University of Plymouth Scientists: Plants on Home Walls Reduced Heat Loss by 30 Percent cultivation of plants on the facades of houses. One of the important reasons for creating a “living” wall was a significant reduction in heat loss, according to the website of the educational institution.
The researchers decided to conduct an experiment on the building of the Center for Sustainable Development on the university campus. On one part of the wall of the western facade, they placed a canvas of greenery, and did not touch the other. For five weeks, scientists monitored the changes and found that the side with the plants retained 31.4 percent better heat inside the building.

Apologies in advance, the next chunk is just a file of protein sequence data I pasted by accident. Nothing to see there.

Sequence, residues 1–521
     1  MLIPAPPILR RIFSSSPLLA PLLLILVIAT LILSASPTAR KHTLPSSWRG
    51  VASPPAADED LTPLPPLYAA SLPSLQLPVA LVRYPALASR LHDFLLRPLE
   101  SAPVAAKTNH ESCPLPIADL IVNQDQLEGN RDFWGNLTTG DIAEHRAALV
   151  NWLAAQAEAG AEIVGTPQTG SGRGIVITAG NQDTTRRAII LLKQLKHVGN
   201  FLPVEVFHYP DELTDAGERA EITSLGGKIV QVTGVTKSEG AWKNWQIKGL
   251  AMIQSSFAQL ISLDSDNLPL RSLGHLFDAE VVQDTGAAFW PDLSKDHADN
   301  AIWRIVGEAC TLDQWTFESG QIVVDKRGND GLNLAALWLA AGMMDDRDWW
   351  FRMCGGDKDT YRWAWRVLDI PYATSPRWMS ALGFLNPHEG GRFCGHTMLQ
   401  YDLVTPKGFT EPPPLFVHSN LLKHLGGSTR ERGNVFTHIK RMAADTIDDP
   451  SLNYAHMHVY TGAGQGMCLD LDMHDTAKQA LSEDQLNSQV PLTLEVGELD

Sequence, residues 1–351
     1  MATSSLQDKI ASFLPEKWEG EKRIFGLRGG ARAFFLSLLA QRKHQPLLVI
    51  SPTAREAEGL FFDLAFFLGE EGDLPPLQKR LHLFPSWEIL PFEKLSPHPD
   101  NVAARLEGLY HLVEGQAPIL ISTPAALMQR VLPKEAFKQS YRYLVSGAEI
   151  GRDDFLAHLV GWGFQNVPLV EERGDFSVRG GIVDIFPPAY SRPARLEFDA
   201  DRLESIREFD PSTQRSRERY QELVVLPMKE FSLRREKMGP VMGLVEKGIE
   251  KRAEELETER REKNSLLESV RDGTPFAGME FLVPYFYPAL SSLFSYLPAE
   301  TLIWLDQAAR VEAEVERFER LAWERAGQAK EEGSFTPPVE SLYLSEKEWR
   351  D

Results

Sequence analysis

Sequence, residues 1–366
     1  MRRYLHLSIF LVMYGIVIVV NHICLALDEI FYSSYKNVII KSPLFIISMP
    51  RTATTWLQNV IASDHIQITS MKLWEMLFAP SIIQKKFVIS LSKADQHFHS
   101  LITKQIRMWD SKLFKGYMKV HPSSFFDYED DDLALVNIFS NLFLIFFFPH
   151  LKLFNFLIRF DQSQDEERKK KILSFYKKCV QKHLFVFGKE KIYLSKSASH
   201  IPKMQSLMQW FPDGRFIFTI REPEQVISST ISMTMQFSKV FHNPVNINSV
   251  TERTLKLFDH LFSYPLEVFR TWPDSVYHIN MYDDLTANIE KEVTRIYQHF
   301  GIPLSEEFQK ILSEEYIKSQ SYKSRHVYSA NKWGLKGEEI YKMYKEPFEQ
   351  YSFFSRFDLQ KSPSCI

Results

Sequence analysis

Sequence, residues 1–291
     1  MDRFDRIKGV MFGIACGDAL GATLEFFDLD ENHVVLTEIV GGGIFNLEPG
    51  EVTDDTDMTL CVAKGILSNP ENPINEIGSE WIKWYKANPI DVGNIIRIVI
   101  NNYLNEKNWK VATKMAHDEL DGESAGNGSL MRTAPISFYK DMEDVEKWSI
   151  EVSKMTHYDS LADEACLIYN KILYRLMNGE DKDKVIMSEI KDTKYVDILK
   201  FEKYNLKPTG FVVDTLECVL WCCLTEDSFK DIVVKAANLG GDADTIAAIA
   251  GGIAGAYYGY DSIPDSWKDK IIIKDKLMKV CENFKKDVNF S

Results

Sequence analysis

Among other benefits of living walls, experts called improved air quality, noise reduction, conservation biodiversity and savings on heating bills. In addition, all of these effects work equally well for old and new homes.
In October, the British were asked to grow plants on roofs to contribute to the rescue from global warming. According to experts, a thick layer of soil on a flat roof can reduce the temperature in the building by 12 degrees in summer and protect it from flooding in winter and in the off-season. The ecologists also found plants on the walls useful – they can cool the south side of the house by 32 degrees and consume 59 percent less electricity.